This is a major international corridor linking Korean Peninsula to China, Central Asia and eventually to Europe. The length of the corridor is 6900 km that includes 720 km Incheon–Lianyungang maritime route, 4114 km Lianyungang–Alashankou rail line, 12 km Alashankou–Dostyk rail line (border), and 2194 km Dostyk–Astana railway line. There are regular container block train services along the Lianyungang–Alashankou leg with a frequency of more than one block train per day and take about six to seven days for the whole journey. Some block trains operate up to Almaty. Lack of wagon supply and waiting time for train at Lianyungang port and outdated equipment and limited number of tracks available for transshipment at Alashankou–Dostyk border are the physical barriers of the corridors. The corridor starts at Incheon port. There is a regular shipping service between the Incheon and Lianyungang maritime leg. The traffic volume along the maritime leg is shown in Table 2. It shows a steady growth of the total volume of container trade along the leg. Khorgos is a road border crossing between China and Kazakhstan. The length of Chinese road from Lianyungang to Khorgos border is 4244 km. The roads are paved and are in good condition with 2 to 8 lanes. The Khorgos–Almaty road in Kazakhstan is being upgraded. However, there are different working hours at Khorgos border between Kazakhstan and China which need to be harmonized. Fig. 4 shows the time–distance chart of freight transport between Incheon and Astana using maritime and railway transport. It took a total of 28.4 days to deliver cargo covering a distance of 7040 km. 5 As seen in Fig. 4 there are two major bottlenecks in the transport corridor one is Lianyungang port and the other is Alashankou–Dostyk border. It took 216 h (9 days) for transit clearance, loading and waiting time for freight train at Lianyungang. While unloading from ship, document processing and customs clearance took 10 h and the waiting time for container train was 206 h. It was indicated that lack of sufficient wagons was the major problem. The other major barrier was at the border crossing point between Alashankou (China) and Dostyk (Kazakhstan). It took 49 h (2 days) to complete the border crossing process whereas document processing, 5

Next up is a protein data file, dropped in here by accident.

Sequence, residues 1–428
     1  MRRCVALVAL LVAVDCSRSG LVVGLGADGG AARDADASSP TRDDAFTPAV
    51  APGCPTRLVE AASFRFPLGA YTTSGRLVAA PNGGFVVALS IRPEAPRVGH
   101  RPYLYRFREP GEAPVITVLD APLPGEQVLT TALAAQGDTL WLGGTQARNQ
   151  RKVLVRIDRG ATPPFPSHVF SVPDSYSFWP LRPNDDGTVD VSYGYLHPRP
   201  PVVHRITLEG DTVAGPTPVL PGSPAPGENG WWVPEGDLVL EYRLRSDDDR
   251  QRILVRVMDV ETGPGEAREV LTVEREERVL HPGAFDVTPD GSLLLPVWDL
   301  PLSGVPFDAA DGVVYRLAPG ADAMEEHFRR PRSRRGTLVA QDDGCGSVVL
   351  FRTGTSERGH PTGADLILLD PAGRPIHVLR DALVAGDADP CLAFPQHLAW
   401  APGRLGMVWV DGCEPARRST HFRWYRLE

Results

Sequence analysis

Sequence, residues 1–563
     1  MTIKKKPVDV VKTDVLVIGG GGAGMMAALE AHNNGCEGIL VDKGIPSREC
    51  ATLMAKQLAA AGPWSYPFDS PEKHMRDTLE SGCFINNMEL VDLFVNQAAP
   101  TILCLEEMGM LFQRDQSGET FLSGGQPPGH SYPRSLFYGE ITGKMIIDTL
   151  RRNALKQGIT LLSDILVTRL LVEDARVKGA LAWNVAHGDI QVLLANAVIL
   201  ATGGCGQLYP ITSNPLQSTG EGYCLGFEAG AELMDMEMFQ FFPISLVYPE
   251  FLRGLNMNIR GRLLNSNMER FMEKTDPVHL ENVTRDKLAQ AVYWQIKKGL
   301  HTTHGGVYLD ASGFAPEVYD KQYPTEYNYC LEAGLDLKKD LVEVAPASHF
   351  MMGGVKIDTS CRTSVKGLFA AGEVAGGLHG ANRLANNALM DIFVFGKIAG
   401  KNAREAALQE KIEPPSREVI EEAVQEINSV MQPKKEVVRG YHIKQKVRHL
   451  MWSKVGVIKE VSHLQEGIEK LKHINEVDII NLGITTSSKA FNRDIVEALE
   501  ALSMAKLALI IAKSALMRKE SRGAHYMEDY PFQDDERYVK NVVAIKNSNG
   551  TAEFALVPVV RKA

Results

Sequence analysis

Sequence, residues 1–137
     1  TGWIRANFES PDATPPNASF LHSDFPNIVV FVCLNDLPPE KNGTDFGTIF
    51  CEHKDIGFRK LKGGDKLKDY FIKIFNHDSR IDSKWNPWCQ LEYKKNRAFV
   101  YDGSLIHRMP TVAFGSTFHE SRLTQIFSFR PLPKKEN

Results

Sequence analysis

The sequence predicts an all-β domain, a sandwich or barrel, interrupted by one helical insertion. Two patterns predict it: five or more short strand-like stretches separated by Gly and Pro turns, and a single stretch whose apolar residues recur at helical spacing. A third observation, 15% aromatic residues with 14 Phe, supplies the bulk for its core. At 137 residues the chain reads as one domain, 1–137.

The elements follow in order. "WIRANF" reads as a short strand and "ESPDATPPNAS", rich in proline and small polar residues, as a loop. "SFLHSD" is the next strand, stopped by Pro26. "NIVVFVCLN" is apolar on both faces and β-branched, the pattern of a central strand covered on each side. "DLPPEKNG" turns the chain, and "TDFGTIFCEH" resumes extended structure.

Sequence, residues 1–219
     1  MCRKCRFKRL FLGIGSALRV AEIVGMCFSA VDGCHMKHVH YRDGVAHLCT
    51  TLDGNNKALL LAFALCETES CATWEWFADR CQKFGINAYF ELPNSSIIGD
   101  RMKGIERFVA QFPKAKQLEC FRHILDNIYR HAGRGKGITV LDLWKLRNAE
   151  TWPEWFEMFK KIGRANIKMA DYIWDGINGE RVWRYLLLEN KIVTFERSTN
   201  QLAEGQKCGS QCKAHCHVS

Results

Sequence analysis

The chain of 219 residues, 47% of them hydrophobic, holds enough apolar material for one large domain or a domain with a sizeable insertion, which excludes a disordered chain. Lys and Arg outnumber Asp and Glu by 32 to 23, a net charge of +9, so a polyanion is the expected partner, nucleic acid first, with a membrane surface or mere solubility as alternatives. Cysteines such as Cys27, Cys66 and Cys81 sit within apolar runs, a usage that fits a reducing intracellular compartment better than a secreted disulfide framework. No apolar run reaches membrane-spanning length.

This includes 140 km road leg from a factory to port in the Republic of Korea.


M.B. Regmi, S. Hanaoka / Research in Transportation Business & Management 5 (2012) 27–37

Fig. 2. Time–distance graph of Incheon–Ulaanbaatar (leg 1 corridor 1).

Fig. 3. Time–distance graph for Zaamin-Uud–Yekaterinburg (leg 2 corridor 1).

customs clearance on both sides took 13 h. As transshipment is required due to the use of different railway gauges 36 h was required to complete the transshipment process and waiting at Dostyk due to the limited number of tracks available to support rail gauge change for container train. During the discussion with private sector freight forwarders in Kazakhstan it was revealed that the freight forwarding industry is not much developed in Central Asia and government support was sought to improve the freight transport industry. They were also keen to introduce ICT technology for monitoring and tracking of containers that could eliminate chances of loss and damage of cargo along the route.

Table 2 Maritime traffic along Incheon to/from Lianyungang leg of corridor 2. Maritime route





Incheon to Lianyungang Lianyungang to Incheon Total

26,506 19,967 45,573

28,605 19,464 47,069

32,885 24,621 57,506

31,544 28,613 60,157

Source: Incheon Port Authority,

ADB (2010) reported that train waiting time was 25.5 h on Dostyk and 5.5 h at Alashankou, while the customs clearance time was 3 to 4 h at both sides of the borders. It was indicated that Dostyk has one of the longest waiting time even though it handles about 15 million tons of freight annually. 4.3. Comparison of transportation cost and time along the corridors 4.3.1. Transportation cost Even though the cost data are very sensitive to the transport service providers, Fig. 5 shows the average transportation cost along the corridors. The transportation cost includes vehicle operation cost, cost of fuel, driver, loading and unloading, handling of containers at ports and borders, and transshipment, while in the case of railway it also includes locomotive operation cost, track access fee, and cost of return of empty containers. The average cost of Incheon–Ulaanbaatar was high due to the use of road transport for Tianjin–Erenhot leg. The cost of Zaamin-Uud–Yekaterinburg was also high due to the high cost in Mongolia that was a result of insufficient cargo volume in both legs. Rather than looking at the absolute values the comparison can

M.B. Regmi, S. Hanaoka / Research in Transportation Business & Management 5 (2012) 27–37


Fig. 4. Time–distance graph for Incheon–Astana (corridor 2).